Jeffrey Ou ‘19 explains his proposed keycard energy management system to Tom McGinn, a Middlebury College staff engineer.

MIDDLEBURY, Vt. – Twelve students in January took a significant step toward transitioning Middlebury’s energy system to a more efficient, equitable, and renewable energy future. The undergrads served four weeks as interns working under the umbrella of the Office of Sustainability Integration and its new Sustainability Solutions Lab.

They looked at electrifying transportation. They considered expanding solar, wind, and hydro power. They explored the potential for geothermal heating and cooling. They studied what other colleges and universities are doing to reduce their carbon footprints. They pondered ways to make Middlebury’s buildings more efficient, and they inspected new, emerging technologies.

“The Winter Term internships were part of a bigger new program we are calling the Sustainability Solutions Lab,” explained Jack Byrne, Middlebury’s director of sustainability integration. “The mission is to take on the sustainability challenges facing the campus and work with students to come up with ways that we can solve them.”

Byrne is keeping the momentum going, even after the January term ends. “This spring and summer we will host new internships for students who want to continue working on projects that have emerged from this J-term. We have also defined some other challenges facing the campus – like reducing our waste, in dorms in particular – that we would like to have interns working on.”

Several of the J-term interns are planning to follow through on their proposals. Caroline Wolfe, a junior from Chappaqua, N.Y., hopes to continue working with senior Vir Chachra on ways to increase transparency about energy usage and incentivize students to decrease their carbon footprint on campus.

“We are looking to collaborate with a professor of psychology and with a professor in the Studio Art Department to display our energy usage to students and engender a new culture about reducing energy consumption on campus,” said Wolfe. “The best part about this internship has been that nothing was decided for us. We were granted the agency to pursue our own ideas and interests while, at the same time, looking for ways to transform Middlebury’s energy system.”

To increase transparency around how much energy gets consumed, Wolfe and Chachra have proposed installing energy dashboards in the residence halls. The duo adhere to the credo, “If you can’t measure, you can’t manage,” and believe that the cost of the displays would be offset by the savings. They also think that big art installations, more information sharing, and new outreach and education programs could be effective, along with holding events and competitions to see which buildings can reduce their usage the most.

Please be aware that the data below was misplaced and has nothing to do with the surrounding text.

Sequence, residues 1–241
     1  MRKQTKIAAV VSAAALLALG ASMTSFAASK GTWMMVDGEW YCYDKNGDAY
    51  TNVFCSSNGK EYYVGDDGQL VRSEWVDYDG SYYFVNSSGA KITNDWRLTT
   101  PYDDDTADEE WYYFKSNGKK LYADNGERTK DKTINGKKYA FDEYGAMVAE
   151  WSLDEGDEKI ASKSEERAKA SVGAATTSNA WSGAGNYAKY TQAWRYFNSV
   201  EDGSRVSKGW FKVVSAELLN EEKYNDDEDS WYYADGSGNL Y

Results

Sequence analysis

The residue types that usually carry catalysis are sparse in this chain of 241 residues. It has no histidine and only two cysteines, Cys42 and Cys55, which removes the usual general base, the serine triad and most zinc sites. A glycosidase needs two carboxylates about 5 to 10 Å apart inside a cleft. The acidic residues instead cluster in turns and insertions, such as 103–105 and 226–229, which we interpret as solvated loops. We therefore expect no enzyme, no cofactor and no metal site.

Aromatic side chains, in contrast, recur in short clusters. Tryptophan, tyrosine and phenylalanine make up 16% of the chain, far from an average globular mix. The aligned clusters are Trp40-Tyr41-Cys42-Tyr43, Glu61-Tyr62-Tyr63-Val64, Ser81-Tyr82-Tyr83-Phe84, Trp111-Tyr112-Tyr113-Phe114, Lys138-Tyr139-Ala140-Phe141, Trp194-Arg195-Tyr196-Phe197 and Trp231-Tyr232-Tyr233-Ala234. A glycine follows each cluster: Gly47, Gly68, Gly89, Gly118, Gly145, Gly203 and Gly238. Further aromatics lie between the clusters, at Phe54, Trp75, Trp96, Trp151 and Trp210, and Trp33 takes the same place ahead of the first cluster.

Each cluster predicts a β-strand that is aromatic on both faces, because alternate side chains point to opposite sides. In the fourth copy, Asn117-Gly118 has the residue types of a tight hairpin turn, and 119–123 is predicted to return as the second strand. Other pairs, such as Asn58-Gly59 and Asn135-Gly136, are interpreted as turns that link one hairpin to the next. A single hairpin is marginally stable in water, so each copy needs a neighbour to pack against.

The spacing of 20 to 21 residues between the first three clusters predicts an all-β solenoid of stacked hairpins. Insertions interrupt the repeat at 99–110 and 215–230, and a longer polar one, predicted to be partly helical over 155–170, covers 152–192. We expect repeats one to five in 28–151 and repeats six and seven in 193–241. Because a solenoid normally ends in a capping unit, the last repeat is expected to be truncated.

All 12 interns gathered around forester Jeff Tilley in the Green Mountain National Forest in Granville, Vt. (Click to enlarge photo by Eva Fillion.)

Jonah Simon ’18 from Needham, Mass., examined the energy efficiency of Middlebury’s major buildings during his January internship, and he concluded that the College needs to improve efficiency and decrease consumption in the structures that consume the most energy.

“I believe the most effective way to increase the energy efficiency of the College is to create a new accounting process that tracks the economic value resulting from our energy-efficiency initiatives. By keeping track in detail of energy consumption before and after the installation of new technologies, Facilities Services will be able to more accurately attribute the cost savings to energy efficiency projects.

“Although this requires an upfront cost of installing more meters around campus, it could produce greater energy efficiency and more cost savings because the College will be better informed where and how to invest in energy savings,” he said. But Simon also realizes there is competition for limited resources. For example, where does energy efficiency fit in with competing demands for Facilities Services’ labor and money? he asks.

To broaden his interns’ understanding of the challenges at hand, Director Byrne scheduled field trips to a dairy farm that is developing an anaerobic digester and to a timber-cutting operation in the Green Mountain National Forest. The interns also met with Rick Weston ’79 of the Regulatory Assistance Project’s China Program; Karen Glitman, director of Efficiency Vermont; Darren Springer, COO and director of innovation for the City of Burlington’s Electric Department; and Christa Shute, a global energy fellow at the Vermont Law School.

The field trips and speakers “expanded my understanding” and “offered new opportunities and challenges to advancing Middlebury’s current energy system,” said Simon, the junior interested in the efficiency of the College’s buildings. Meanwhile Wolfe, the intern who delved into ways to encourage students to be better stewards, said she gained perspective by “being exposed to the larger energy realm and through meeting professionals in the field.”

For one of the interns’ final gatherings of the term, Byrne assembled a panel of community experts to hear the students’ findings and evaluate the strength of their proposals. For 90 minutes, the guests listened to the interns, studied their conclusions, asked questions, and offered feedback. The January internships resulted in a final report that will be shared with the campus community in the spring and, hopefully, with the Board of Trustees too, said Byrne.

Story and photo by Robert Keren